'----------------- numbers on X-axes-----------------------
     '     gr.colorwidth(1,0) ''' 2,0
          
          gr.text(12, -5, string("8"))
          gr.text(-16, -5, string("8"))
          
          gr.text(22, -5, string("7"))
          gr.text(-26, -5, string("7"))
          
          gr.text(32, -5, string("6"))
          gr.text(-36, -5, string("6"))
          
          gr.text(42, -5, string("5"))  
          gr.text(-46, -5, string("5"))
    
          gr.colorwidth(5,0) '----------
       
          gr.text(52, -5, string("4"))
          gr.text(-56, -5, string("4"))
    
          
          gr.text(62, -5, string("3"))
          gr.text(-66, -5, string("3"))
    
          gr.text(72, -5, string("2")) 
          gr.text(-76, -5, string("2"))
          
          gr.text(82, -5, string("1"))
          gr.text(-86, -5, string("1"))     
          gr.textmode(1,1,6,%0000)
    
       '------------------------------------------------------------------------
    PUB DrawBullet(xc,yc)| counter 
    
       InitializeMonitor 
        gr.colorwidth(1,0)      '2,0 '5,0
        'center (80,-80 size=4)
       repeat counter from 0 to 4
        gr.plot(xc+counter-2,yc)
        gr.plot(xc,yc+counter-2)
        gr.plot(xc+counter-2,yc+counter-2)
        gr.plot(xc+counter-2,yc-counter+2)
     gr.copy(display_base)
    
    
     
    DAT
    
    tvparams                long    0               'status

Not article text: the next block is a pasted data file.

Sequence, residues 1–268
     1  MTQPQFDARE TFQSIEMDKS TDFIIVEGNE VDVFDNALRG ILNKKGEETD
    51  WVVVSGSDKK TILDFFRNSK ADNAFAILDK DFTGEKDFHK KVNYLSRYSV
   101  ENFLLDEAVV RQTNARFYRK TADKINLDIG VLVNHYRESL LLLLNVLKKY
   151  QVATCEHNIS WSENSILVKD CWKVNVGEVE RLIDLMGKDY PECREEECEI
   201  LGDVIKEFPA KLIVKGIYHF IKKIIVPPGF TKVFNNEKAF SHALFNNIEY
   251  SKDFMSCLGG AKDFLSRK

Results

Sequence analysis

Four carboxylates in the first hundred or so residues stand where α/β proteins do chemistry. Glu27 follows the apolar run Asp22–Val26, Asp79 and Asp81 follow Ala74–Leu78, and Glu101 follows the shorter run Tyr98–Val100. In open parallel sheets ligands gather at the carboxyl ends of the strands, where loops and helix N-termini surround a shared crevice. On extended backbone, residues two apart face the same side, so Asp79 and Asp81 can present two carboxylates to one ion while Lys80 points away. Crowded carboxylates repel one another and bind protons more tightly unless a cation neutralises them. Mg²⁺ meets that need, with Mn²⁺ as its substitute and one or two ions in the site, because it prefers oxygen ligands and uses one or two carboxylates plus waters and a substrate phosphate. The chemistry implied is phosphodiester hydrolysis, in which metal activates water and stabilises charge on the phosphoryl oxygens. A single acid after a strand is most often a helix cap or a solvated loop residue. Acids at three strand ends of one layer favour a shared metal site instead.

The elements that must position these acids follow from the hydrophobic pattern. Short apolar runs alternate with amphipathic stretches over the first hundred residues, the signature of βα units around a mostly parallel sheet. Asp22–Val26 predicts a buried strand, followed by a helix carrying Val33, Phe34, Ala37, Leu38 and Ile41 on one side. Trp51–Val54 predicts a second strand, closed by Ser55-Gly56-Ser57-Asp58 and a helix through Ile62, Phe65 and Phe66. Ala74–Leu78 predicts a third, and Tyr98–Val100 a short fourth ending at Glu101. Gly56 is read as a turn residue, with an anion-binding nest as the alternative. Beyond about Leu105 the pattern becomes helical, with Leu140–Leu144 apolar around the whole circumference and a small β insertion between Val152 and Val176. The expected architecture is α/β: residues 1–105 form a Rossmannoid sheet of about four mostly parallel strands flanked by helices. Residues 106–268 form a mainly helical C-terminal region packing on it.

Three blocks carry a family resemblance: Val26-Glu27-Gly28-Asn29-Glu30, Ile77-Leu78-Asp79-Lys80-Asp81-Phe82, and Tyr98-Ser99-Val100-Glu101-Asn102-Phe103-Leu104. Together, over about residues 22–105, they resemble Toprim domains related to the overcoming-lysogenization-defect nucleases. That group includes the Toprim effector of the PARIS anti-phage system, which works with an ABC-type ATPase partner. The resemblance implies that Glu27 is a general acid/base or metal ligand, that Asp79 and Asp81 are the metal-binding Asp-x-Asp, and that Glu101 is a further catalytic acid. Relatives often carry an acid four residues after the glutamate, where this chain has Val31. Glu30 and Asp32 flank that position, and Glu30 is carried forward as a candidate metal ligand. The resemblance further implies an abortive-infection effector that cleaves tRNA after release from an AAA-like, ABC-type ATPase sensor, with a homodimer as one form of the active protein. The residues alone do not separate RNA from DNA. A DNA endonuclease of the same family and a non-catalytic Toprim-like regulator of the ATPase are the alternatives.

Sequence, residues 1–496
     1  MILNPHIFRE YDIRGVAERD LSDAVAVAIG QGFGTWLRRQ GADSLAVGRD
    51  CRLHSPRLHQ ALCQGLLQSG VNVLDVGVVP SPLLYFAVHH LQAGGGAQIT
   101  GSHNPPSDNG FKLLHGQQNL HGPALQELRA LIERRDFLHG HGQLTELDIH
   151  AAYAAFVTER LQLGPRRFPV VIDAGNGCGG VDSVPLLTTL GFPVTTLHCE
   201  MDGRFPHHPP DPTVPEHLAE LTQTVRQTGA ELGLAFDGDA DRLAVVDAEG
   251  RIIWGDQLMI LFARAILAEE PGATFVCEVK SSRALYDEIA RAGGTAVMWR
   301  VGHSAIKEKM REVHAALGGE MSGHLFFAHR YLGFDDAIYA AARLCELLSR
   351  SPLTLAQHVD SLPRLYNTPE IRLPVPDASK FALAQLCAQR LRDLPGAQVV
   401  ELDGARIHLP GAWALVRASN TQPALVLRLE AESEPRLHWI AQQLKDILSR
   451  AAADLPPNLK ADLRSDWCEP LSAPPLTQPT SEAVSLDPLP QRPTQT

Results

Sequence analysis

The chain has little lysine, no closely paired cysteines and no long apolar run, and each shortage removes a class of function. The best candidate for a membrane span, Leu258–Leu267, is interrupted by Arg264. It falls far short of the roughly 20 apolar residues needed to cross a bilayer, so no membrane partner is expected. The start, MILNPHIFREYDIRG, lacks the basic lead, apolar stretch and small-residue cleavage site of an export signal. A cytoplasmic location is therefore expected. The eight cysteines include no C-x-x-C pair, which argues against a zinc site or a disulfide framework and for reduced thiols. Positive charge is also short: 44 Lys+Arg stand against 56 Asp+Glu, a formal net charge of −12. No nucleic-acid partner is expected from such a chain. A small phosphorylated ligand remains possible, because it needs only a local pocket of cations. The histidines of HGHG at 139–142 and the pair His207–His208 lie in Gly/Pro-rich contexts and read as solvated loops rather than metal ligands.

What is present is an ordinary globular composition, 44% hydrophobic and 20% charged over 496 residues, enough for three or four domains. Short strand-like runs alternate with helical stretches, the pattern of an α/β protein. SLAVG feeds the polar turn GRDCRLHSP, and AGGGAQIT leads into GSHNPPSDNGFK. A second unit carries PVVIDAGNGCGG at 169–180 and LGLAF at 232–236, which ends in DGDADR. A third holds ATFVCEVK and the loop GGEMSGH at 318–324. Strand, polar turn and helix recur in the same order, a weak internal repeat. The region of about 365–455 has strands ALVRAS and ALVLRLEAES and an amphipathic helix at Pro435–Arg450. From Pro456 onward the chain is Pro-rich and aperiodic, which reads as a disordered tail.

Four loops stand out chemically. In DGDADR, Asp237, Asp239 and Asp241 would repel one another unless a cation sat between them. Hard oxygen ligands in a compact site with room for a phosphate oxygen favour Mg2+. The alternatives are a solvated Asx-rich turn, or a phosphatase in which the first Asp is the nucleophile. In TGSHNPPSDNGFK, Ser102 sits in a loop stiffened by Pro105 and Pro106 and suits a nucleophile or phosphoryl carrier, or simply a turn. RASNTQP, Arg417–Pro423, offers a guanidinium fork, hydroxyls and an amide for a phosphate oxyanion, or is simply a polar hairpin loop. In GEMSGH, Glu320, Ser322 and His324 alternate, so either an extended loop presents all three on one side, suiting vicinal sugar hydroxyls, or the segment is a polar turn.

long    1               'enable
                            long    %001_0101       'pins
                            long    %0000           'mode
                            long    0               'screen
                            long    0               'colors
                            long    x_tiles         'hc
                            long    y_tiles         'vc
                            long    10              'hx
                            long    1               'vx
                            long    0               'ho
                            long    0               'vo
                            long    0               'broadcast
                            long    0               'auralcog
    
    ng                      byte    "NikosG.",0           'text
    text1                   byte    "--1--",0           'text  
    text2                   byte    "--2--",0           'text
    text3                   byte    "--3--",0           'text  
    text4                   byte    "--4--",0           'text  
    text5                   byte    "--5--",0           'text  
    
    {{
    
    }}
    
    I decided to write it for TV out and get the result on a TV monitor. I used a propeller board with a (TV_out_RCA_adapter28050 ). We also can project the image on a simple paper using an LCD projector (the real target) in order to avoid the cost for real targets.
    code_visual_target.jpg
    As you can see I give the two coordinates of the bullet and I can see it as a mark on the virtual target.
    Having those coordinates we can also calculate the score etc.